Why I would #VoteJasonCIPR

As a relatively recent graduate and therefore associate member of the Chartered Institute of Public Relations I don’t get a vote in the elections that will decide our professional body’s 2017 president. However, that doesn’t mean I don’t have a view on who should take up that position.

 

Jason MacKenzie, CIPR President Elections
Jason MacKenzie, candidate for CIPR President 2017

 

It still somewhat irks me that the more junior members of our body have little say in the direction it takes, despite what the CIPR itself was planning a little over a year ago.

 

That being said, the candidate I would vote for – had I the ability to do so – is actively engaging with and listening to the views of practitioners who, like me, are still in the early stages of their PR careers.

 

That candidate is Jason MacKenzie.

 

I’m confident that if elected to the role of CIPR President he would not only build on the momentum of the great work done by others elected to the position in recent years, but I’m convinced that he would continue to listen to members of all grades and seniorities to deliver positive change for practitioners in all corners of the industry, and on a range of issues, not just those in the vocal bubble and social media echo chamber.

Jason’s manifesto recognises the changes the PR industry has gone through in recent years, and those that are still sorely needed.

This manifesto aims to do more to reach members in the regions and in academia, it aims to normalise CPD and Chartered Practitioner status, it aims to deliver more value to members and to improve the public perception of PR and its practitioners.

While it is very much a campaign built on continuity, it also looks to the future and where work and investment today can help deliver the change needed for tomorrow.

In particular, Jason addresses concerns that junior PR professionals’ voices are not being heard in recognising that PR students, academics, and new entrants to the public relations industry will determine its future success, and has plans to strengthen relationships with these key stakeholders, whether members or not.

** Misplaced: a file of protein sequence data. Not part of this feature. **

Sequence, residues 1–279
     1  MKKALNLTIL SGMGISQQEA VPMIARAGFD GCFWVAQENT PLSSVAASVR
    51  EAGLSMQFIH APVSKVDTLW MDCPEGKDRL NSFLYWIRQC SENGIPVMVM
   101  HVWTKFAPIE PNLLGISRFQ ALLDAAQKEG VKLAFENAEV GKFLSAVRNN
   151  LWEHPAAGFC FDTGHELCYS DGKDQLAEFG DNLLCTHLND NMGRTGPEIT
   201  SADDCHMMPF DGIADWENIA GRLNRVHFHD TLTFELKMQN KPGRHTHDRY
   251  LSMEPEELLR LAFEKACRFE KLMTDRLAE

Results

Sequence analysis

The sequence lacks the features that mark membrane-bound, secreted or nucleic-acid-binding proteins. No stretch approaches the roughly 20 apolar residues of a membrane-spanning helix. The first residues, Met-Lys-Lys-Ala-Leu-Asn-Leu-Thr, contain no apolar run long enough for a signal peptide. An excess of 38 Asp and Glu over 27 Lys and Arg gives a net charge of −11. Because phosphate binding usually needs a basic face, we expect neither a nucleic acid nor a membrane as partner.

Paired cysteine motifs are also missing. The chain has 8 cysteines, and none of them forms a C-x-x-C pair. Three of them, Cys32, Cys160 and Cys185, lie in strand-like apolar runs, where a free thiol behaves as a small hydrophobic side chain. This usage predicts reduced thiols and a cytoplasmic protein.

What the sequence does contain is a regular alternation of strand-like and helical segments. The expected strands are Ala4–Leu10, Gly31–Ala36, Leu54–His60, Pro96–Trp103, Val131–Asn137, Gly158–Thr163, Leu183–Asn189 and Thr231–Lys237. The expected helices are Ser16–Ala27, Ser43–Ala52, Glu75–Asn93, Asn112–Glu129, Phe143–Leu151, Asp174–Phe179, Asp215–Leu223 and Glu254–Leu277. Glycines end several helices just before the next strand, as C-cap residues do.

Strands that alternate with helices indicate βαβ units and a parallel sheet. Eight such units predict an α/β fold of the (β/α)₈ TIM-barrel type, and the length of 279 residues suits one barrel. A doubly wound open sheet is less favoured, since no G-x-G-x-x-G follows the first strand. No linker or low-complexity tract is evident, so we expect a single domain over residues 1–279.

I’d vote for Jason not only because he’s qualified and shares my views and outlook, but because I’m confident he has the drive, influence and ability to engage his fellow members – something that will enable him to deliver on his vision.

And his vision of a bigger, more engaged, more diverse and more equal PR industry that is better understood and more respected by the wider public is certainly one that I want to be a part of.

As Jason says:

“We must continue the drive to professionalism and engage meaningfully with members and non-members alike. We need to strengthen the Institute without diluting our commitment to excellence or devaluing our proposition. We’re already on the right tracks. This isn’t a time to zig-zag.”

 

And that is why, if I had a vote, I would be using it to #VoteJasonCIPR

 

For more information on both candidates and their manifestos, visit the CIPR website: CIPR Elections 2015

Or, read this blog post from Immediate Past President, Stephen Waddington: 15 questions for the future President of the CIPR

Matt Silver

Corporate & Technology PR bod at Ketchum with an interest in emerging technologies, online behaviours, sustainability & social business. Fond of fine food and drink. Member of CIPR & PRCA.

  • Andy Green

    Matt – I would genuinely be interested in your feedback on these Blogs on my site http://www.andygreencreativity.com

    ‘Vital information no CIPR Member can ignore’
    ‘5 Reasons why Professionalism will be in the bag by 2017’
    ‘Awful experiences of CIPR regional Groups’
    ‘Help to be a Digital Capable’

    and even have a go at:
    ‘Play President Election Pledge Cards’.

    It’s great that you’ve engaged in the CIPR election and you have put many senior practitioners to shame.
    It would be an even stronger piece if you included some analysis of the alternative choice available, and a critique of that option.
    Hope you can dig deeper in your research